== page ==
Um. Yeah. I have the feeling that once Dusty is fully caffeinated I'll be hearing about that. So far all he's done is shake his head, take a sip of his soda and settle into work.

So I'll be in the thumb brace today, which means this is probably the most typing I'll do. Maybe I'll go over my notes for Bunny, maybe I'll plot my next shifter or fae story, but either way, today is mostly a sick day. If I do that I should be able to work on Bunny tomorrow.

Friday, June 12, 2009



ISBN: 978-1-60504-632-7
Length: Category
Price: 4.50
Publication Date: July 28, 2009
Cover art by Tuesday Dube

Isn't it pretty?

Thursday, June 11, 2009

Naming Games

I've been thinking. Yes, I know, get out the hardhats, hide under the tables, she's gonna blow.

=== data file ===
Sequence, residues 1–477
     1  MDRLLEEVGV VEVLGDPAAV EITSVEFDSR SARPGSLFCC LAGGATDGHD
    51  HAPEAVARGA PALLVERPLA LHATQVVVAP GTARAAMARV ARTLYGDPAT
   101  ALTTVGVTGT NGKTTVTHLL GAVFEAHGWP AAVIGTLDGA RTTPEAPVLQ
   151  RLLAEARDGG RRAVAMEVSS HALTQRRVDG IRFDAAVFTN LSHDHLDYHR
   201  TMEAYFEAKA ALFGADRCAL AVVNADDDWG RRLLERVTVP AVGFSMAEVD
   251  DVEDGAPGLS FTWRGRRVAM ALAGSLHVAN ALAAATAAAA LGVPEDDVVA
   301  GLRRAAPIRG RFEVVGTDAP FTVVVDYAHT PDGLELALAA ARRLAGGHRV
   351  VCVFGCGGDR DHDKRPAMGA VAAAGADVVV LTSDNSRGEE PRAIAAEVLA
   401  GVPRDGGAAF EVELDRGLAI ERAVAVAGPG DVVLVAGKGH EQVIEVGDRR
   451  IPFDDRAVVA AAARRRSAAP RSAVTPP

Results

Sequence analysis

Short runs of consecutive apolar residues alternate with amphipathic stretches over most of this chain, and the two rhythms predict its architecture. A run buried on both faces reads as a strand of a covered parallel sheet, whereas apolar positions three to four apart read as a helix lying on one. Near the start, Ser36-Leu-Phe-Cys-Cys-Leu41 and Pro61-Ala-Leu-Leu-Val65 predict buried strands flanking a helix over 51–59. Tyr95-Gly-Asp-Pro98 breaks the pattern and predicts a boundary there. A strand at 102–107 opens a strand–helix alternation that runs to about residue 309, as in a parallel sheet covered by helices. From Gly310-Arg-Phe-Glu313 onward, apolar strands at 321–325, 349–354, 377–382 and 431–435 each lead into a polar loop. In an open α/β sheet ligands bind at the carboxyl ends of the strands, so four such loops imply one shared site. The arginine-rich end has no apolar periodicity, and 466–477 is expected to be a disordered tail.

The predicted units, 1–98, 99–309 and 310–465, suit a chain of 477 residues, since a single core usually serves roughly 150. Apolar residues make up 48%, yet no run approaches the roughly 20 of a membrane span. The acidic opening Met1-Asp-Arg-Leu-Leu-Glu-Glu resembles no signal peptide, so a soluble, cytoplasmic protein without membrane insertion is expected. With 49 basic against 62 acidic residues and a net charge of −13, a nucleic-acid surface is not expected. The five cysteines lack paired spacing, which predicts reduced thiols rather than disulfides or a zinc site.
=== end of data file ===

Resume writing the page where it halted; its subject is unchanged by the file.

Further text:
Not today. I'm too tired to blow. Which disappoints Dusty no end, but that's another story.

So what I've been thinking about is names.

Take my current WIP, My Heart's Desire, for instance. It's almost done, odds are it's going to turn into a four story series, and I'm thinking of changing the name. "My heart's desire" is a phrase that will show up in each of the books thanks to a magical spell that calls to the mate of each brother; it's why the closer I come to the end, the more I think Heart's Desire needs to be the series title rather than the book title.

So if I go with this, it means that I need to come up with a new name for Heart. Don't be surprised if you go to check on my progress and find that something has taken Heart's place on my line-up; it will be the same book, just a different name.